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Home / Industry / Telecom /  Raise FDI limit in telecom: Parekh panel

The high-level committee on infrastructure financing has recommended an increase in the foreign investment limit in telecom to 100% from 74% and setting up a public sector unit (PSU) to award coal mining concessions to non-state entities.

In its interim report presented to the prime minister on Wednesday, the committee recommended that the foreign direct investment (FDI) limit in telecom be raised as it would have no impact on operational control. Other infrastructure sectors are allowed FDI to the tune of 100%.

“There has been some concern about allowing 100% ownership by foreign players," said Mahesh Uppal, regulatory expert and director at Com first (India) Pvt. Ltd. “However, I think the 74% cap serves little purpose in the Internet age where national boundaries are increasingly becoming irrelevant. It would be a good idea to raise the limit."

The report recommended setting up a state-owned unit to involve the private sector in coal mining and “eliminate the resistance of Coal India Ltd (CIL)" in the award and management of public private participation (PPP) concessions in the coal sector.

This company would be allocated mines that have all required clearances or are at an advanced stage of getting them, besides CIL’s unexplored mines. It would award concessions against mining charges to private parties and sell the coal mined from the arrangement.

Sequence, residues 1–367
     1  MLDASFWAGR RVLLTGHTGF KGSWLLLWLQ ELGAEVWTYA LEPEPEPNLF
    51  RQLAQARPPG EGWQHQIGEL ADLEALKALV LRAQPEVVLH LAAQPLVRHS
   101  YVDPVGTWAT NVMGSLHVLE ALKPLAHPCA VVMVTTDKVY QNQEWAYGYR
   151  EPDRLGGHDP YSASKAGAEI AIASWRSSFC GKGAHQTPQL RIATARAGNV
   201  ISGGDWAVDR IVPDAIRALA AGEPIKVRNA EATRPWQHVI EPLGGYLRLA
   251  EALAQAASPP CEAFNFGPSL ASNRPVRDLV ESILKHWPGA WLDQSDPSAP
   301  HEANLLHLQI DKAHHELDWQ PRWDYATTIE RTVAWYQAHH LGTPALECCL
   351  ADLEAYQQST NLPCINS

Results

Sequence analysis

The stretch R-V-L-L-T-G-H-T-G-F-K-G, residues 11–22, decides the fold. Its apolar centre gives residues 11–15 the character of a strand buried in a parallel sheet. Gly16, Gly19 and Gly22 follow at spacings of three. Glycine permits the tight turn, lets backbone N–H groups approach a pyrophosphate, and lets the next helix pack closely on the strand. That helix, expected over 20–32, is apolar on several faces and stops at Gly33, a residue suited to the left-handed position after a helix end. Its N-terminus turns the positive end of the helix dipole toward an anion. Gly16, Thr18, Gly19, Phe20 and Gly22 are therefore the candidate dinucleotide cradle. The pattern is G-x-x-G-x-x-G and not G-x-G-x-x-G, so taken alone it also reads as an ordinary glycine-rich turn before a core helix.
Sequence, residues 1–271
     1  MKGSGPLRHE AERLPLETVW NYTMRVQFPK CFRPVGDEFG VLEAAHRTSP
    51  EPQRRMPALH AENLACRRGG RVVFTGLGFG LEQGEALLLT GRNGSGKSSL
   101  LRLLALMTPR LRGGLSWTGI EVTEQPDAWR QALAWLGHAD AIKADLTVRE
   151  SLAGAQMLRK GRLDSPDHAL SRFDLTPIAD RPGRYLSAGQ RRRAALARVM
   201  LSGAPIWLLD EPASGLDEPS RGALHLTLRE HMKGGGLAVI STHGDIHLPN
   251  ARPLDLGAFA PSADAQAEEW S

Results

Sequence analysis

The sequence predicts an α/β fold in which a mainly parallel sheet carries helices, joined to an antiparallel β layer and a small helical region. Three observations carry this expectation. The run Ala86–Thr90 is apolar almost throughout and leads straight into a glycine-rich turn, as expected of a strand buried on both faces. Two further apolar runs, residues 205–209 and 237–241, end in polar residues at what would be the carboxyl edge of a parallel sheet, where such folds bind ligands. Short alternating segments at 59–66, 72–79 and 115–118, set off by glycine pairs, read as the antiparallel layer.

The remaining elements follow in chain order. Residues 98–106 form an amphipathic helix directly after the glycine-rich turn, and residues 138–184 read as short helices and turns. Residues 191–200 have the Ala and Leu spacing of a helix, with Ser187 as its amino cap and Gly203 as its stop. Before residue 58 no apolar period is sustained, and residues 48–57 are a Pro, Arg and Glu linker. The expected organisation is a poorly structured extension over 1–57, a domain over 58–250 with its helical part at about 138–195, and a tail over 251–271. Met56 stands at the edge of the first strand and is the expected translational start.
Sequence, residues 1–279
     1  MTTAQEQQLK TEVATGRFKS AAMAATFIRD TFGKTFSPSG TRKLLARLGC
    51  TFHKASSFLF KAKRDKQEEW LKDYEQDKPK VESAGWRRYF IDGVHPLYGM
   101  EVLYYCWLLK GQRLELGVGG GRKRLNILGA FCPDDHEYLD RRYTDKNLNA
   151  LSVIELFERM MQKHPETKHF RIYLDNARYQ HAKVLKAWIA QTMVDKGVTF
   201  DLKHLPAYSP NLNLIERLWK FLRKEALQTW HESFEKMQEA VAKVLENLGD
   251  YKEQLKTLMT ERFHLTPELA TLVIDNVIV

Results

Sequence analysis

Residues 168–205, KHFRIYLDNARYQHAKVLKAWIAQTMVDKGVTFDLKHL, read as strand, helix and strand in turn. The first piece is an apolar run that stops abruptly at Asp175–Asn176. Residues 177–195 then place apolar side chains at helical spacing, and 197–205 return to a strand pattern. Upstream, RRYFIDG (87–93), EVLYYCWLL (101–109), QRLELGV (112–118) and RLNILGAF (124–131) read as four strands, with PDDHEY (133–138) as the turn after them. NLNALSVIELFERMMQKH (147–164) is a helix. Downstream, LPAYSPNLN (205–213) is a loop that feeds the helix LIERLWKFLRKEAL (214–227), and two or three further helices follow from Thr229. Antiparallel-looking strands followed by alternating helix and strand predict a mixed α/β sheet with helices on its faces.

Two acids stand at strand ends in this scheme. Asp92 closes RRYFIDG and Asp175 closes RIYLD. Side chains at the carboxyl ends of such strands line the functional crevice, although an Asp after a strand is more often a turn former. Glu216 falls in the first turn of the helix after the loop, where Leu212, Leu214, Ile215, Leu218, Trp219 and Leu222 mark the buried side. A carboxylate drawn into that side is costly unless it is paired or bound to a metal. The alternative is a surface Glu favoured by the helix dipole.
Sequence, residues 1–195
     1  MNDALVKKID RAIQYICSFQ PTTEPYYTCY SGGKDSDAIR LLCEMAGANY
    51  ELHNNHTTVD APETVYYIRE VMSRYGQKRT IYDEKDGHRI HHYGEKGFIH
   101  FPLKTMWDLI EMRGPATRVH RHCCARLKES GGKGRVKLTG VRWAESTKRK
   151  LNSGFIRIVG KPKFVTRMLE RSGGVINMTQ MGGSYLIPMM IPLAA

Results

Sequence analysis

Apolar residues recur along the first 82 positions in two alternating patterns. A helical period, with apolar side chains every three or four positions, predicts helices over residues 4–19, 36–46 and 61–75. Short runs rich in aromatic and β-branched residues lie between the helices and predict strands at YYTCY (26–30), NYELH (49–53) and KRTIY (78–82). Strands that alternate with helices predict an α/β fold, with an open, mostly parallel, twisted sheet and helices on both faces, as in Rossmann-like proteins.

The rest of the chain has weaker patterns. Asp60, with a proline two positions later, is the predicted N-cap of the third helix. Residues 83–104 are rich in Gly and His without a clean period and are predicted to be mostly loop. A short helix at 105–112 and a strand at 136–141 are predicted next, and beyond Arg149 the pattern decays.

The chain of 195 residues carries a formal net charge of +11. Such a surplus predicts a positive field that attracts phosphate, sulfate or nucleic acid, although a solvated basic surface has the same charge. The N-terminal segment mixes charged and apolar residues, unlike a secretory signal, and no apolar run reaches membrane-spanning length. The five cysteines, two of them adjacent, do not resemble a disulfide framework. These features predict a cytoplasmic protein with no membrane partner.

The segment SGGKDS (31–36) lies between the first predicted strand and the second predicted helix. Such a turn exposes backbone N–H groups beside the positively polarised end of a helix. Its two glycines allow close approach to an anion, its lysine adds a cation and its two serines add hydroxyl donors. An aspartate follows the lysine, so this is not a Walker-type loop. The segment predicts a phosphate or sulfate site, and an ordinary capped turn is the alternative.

The target of infrastructure investment at 9% of GDP for the 12th plan period (2012-17) was a healthy improvement on the 7.22% targeted in the 11th plan, said Deepak Parekh, chairman of the committee. However, it could not be achieved without removing constraints and increasing the private sector’s share.

Among immediate actions the report recommended are rationalizing railway passenger fares, gas allocations and gas pricing.

The latter should be done “within the next two months so that further delays in importing gas to run gas-based power stations are avoided".

The report supported mutual negotiations between bulk-buying power consumers and generating companies so that the latter don’t have to operate below capacity when costs of fuel, including gas, are high.

The private sector’s share in total investment is sought to be raised from the 37.5% it was in 11th Plan to 47% during the 12th Plan period.

This should be done through private participation in sectors such as transport, power distribution, irrigation, water supply and sanitation, the report said.

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